Loops

A Python script is a file that contains instructions to the python interpreter, with one instruction per line, that are read one at a time from the top of the script to the bottom. You can, however, divert this flow using a loop. Open a new Python script loop.py and write this;

for i in range(1, 11):
    five_times_i = 5 * i
    print("5 times %d equals %d" % ( i, five_times_i ))

What do you think will be printed to the screen? Run the script using python loop.py. Did you see what you expected?

This script has introduced a for loop. The loop has two parts;

Loops are very powerful. For example;

for i in range(0, 201, 2):
    print("%d" % i)

prints all of the even numbers from 0 to 200.

for i in range(10, 0, -1):
    print("%d..." % i)

print ("We have lift off!")

prints out a count down.

from __future__ import print_function

for i in range(1, 4):
    for j in range(1,4):
        i_times_j = i * j

        print("%d" % i_times_j, end="")

    print("\n", end="")

prints out a 3*3 matrix where the element at (i,j) equals i times j.

Note in this last example that adding end="" at the end of the print line print("%d" % i_times_j, end="") stops a return (newline) from being printed at the end of the line, and that you can explicitly print a newline by printing “\n” (e.g. print("\n", end="")).

Note also that we have had to added the line from __future__ import print_function. This is because the end="" code was added to Python 3, and was not originally available in Python 2. New language features added to Python 3 have been added back to Python 2, and are activated using the code from __future__ import something, where something is the Python 3 feature to be added. You can see the full list of Python 3 features that were added to Python 2 here. Note that you don’t need to include this line if you are writing scripts that will only be run using Python 3.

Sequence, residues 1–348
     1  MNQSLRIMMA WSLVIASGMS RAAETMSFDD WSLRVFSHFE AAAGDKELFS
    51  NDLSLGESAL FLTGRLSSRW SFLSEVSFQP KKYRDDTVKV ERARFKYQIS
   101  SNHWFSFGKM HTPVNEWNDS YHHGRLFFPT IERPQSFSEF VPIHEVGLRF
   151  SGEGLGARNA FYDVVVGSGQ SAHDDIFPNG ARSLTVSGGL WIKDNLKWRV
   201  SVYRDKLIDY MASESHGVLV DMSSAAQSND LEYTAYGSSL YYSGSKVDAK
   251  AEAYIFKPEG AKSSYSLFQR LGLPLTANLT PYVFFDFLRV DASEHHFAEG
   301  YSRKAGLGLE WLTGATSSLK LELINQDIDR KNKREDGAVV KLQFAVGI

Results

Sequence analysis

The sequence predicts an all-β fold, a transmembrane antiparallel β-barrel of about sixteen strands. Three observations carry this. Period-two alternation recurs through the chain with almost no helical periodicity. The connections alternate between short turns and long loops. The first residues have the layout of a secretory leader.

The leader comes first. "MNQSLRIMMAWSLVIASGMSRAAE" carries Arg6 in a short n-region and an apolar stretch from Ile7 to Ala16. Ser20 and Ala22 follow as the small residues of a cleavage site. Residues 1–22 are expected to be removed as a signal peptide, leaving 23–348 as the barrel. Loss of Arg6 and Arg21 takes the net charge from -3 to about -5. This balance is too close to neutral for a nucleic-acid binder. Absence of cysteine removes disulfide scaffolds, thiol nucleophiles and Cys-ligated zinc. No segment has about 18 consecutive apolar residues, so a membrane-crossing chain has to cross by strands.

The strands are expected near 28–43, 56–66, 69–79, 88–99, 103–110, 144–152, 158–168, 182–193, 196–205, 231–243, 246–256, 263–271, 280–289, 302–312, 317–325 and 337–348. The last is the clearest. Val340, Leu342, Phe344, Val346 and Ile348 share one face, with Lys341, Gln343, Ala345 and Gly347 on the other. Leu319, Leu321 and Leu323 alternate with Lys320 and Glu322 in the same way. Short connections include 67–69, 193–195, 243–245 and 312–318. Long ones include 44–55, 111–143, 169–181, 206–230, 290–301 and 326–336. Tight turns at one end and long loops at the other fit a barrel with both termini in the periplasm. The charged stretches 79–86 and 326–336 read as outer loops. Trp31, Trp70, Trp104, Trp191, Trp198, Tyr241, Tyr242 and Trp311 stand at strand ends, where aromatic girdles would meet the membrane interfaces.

Note as well in the last example that you can nest loops (one loop can be inside another), but you must be careful within indentation to ensure that a line of code is in the loop you want. Try writing this;

from __future__ import print_function

for i in range(1, 4):
    for j in range(1,4):
        i_times_j = i * j

    print("%d" % i_times_j, end="")

    print("\n", end="")

This above code won’t work as the print("%d" % i_times_j, end="") is indented only into the first loop for i in range(1,4):, and is not part of the second loop for j in range(1,4): as is required for this example.

As you can see, indentation in Python is really important. Getting it wrong can dramatically change your script, and bugs caused by incorrect indentation can be very hard to find. While this is a weakness of Python, it is also a strength, as enforcing correct indentation helps make Python scripts easier to read and easier to maintain over long periods of time.


Compare with Perl


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